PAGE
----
Unlike highways and governments, fish, birds, shellfish and sea turtles don’t obey state boundaries or local restrictions. For that reason, The Nature Conservancy’s Long Island Sound Program also reaches across boundaries, encompassing scientists from the three states and many programs that have connections to the Sound: New York, Connecticut and Rhode Island.
The Long Island Sound’s watershed is home to 14.6 million people — making conservation and land protection something of a challenge. But, the area is also home to a surprisingly diverse array of plants, animals and habitats, including four species of sea turtle, fish ranging from skates to anchovies to shad, and marshes that are some of the most biologically productive places on the planet.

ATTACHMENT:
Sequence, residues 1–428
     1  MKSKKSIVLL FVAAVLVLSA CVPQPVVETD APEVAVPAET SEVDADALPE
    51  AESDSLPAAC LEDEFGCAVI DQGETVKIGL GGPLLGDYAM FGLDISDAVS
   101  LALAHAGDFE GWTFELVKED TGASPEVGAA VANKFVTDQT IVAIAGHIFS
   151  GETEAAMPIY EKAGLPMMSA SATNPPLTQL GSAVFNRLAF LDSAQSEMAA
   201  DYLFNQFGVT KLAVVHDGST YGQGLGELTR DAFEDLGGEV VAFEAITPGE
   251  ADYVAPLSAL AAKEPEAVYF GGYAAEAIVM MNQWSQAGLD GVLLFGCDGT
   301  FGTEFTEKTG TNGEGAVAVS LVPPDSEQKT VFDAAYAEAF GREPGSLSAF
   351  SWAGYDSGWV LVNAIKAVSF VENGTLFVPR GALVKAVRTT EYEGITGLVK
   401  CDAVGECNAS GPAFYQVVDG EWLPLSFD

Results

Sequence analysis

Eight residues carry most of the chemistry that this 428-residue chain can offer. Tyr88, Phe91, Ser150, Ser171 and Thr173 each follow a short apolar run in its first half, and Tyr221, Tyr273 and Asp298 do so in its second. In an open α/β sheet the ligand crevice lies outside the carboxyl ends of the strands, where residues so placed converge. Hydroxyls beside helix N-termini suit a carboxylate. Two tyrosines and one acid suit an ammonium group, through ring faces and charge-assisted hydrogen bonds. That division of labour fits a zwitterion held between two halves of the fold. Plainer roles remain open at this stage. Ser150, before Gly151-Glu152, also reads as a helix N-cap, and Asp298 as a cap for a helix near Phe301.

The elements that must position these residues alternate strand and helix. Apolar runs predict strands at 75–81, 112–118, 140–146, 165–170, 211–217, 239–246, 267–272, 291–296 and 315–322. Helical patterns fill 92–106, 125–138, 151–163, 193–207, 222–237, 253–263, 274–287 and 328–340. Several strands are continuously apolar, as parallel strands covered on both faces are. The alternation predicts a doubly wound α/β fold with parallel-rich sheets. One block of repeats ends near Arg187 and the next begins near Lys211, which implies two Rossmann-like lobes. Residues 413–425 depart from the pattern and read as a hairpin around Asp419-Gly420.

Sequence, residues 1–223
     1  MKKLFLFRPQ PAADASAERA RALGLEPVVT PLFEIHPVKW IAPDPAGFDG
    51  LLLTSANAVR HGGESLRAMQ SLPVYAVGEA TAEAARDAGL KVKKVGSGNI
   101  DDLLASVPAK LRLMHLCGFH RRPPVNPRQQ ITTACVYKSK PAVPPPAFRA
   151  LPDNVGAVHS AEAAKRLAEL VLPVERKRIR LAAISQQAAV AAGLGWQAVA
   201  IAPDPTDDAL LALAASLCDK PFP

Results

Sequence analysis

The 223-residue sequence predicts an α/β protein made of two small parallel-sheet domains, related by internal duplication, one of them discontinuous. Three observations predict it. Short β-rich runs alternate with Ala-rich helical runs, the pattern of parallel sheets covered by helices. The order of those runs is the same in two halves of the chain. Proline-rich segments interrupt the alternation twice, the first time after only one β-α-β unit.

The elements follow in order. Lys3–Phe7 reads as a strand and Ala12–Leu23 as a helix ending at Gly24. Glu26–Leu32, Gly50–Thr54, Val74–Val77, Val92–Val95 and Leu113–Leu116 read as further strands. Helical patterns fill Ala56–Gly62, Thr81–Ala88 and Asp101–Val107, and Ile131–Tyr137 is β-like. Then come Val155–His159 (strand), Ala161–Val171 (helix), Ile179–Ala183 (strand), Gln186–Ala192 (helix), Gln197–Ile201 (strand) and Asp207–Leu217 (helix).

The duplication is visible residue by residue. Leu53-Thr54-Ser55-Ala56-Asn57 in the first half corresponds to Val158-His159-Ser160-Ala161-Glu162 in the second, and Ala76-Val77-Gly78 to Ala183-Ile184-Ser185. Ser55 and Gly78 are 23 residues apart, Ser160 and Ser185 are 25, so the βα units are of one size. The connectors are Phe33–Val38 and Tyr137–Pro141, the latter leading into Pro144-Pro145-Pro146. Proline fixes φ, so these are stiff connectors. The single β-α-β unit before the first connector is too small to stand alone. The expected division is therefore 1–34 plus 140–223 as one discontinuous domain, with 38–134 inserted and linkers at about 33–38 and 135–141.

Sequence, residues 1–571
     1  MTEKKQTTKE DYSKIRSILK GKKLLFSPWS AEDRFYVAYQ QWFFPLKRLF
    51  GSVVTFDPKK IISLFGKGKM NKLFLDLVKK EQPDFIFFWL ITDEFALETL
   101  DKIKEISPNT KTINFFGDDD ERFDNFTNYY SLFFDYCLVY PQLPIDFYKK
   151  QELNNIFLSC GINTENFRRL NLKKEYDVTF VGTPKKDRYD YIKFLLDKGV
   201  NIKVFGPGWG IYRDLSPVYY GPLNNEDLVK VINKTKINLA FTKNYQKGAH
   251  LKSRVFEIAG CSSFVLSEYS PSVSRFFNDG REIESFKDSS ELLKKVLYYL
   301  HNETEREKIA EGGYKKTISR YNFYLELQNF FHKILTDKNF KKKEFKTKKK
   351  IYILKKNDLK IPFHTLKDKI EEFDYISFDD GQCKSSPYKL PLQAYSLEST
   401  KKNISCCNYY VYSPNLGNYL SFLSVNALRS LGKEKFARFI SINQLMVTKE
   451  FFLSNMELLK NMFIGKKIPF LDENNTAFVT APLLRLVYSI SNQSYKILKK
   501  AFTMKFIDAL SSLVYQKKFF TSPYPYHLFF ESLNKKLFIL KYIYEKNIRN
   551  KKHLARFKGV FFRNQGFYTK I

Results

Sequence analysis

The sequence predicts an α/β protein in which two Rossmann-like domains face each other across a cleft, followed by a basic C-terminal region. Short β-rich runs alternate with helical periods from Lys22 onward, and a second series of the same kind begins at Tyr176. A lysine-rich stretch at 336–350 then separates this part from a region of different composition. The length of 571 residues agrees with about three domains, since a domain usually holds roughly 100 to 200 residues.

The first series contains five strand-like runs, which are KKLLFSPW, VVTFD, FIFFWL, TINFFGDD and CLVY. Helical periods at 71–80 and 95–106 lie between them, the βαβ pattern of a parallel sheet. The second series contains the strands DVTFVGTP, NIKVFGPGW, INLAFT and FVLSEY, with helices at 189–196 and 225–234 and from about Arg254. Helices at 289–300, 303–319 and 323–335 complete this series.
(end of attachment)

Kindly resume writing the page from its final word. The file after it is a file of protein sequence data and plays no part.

Despite encroaching development, the Sound retains much of its natural character and is recognized as one of 28 nationally significant estuaries by the National Estuary Program. The Nature Conservancy is committed to bringing back this ecosystem by working together with local, state, federal and private partners.